(Reuters) -The U.S. State Department has approved the potential sale of Tomahawk cruise missiles to Australia in a deal valued at up to $895 million, the Pentagon said on Thursday.
The package would include up to 220 Tomahawk cruise missiles and technical support, the Pentagon said. The Pentagon’s Defense Security Cooperation Agency notified Congress of the possible sale on Thursday.
Despite approval by the State Department, the notification does not indicate a contract has been signed or that negotiations have concluded. The Pentagon said Raytheon was the prime contractor for the weapons.
China has condemned this and other moves taken by the United States and allies Australia and Britain to counter Beijing’s ambition to expand its influence in the Indo-Pacific region.
“We are aware of relevant reports. Any defense and security cooperation between countries should benefit regional peace and stability, and not be targeted at third parties or hurt the interests of third parties,” said China foreign ministry spokesperson Wang Wenbin when asked about the deal.
“The relevant action has worsened regional tensions, severely damaging regional peace and stability, with the possibility of triggering a regional arms race. China urges the relevant parties to abandon their outdated Cold War mentality and narrow geopolitical concepts,” Wang said at a regular news briefing on Friday.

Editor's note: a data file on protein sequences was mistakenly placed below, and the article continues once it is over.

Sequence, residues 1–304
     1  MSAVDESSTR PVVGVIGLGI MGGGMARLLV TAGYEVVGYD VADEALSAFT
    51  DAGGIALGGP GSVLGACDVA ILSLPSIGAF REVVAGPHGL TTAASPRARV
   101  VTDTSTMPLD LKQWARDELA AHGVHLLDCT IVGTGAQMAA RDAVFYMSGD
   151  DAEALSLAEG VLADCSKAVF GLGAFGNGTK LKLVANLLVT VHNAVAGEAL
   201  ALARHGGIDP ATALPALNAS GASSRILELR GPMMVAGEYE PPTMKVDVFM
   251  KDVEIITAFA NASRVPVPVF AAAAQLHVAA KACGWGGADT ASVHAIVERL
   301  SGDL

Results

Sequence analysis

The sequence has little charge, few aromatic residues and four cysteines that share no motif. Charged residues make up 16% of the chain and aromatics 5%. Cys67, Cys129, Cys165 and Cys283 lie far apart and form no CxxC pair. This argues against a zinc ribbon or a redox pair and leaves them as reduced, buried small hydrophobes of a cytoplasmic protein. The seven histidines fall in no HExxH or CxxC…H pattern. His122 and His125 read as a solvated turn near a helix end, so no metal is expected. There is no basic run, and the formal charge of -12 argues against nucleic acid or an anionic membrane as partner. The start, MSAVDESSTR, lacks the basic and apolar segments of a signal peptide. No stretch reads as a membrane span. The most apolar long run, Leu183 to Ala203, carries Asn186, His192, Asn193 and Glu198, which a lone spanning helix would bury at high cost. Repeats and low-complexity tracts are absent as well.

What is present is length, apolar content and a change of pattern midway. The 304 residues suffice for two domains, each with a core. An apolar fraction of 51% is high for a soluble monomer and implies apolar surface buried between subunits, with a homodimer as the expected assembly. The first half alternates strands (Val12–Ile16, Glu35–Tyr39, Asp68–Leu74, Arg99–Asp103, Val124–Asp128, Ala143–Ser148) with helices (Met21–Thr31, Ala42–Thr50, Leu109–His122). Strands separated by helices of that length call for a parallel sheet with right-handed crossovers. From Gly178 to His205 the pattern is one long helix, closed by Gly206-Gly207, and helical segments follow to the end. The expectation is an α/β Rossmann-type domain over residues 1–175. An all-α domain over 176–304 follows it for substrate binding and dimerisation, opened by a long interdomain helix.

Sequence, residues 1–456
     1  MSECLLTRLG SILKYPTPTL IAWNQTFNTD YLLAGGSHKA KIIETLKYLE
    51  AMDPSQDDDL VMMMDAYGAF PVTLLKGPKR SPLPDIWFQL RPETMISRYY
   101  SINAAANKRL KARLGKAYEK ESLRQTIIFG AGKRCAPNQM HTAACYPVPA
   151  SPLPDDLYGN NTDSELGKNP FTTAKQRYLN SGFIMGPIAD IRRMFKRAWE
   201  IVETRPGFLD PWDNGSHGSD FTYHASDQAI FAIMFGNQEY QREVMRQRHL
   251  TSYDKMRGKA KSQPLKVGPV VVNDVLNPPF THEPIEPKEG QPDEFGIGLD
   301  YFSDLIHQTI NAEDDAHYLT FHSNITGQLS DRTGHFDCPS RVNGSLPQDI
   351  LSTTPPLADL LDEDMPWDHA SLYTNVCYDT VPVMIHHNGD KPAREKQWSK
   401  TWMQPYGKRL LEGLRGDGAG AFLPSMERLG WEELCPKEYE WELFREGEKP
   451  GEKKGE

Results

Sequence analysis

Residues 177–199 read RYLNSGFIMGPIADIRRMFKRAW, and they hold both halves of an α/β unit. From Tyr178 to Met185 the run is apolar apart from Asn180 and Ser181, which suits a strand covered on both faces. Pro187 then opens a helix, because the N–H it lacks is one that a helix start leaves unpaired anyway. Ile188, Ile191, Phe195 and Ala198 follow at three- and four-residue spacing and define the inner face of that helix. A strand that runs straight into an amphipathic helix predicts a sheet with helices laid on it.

The United States, Australia and Britain on Monday unveiled details of a plan to provide Australia with nuclear-powered attack submarines from the early 2030s.
China has said the AUKUS deal, a trilateral security pact between the United States, Australia and the United Kingdom, is an illegal act of nuclear proliferation.
(Reporting by Eric Beech, Dan Whitcomb and Eduardo Baptista in Beijing; Editing by Caitlin Webber and Tom Hogue)
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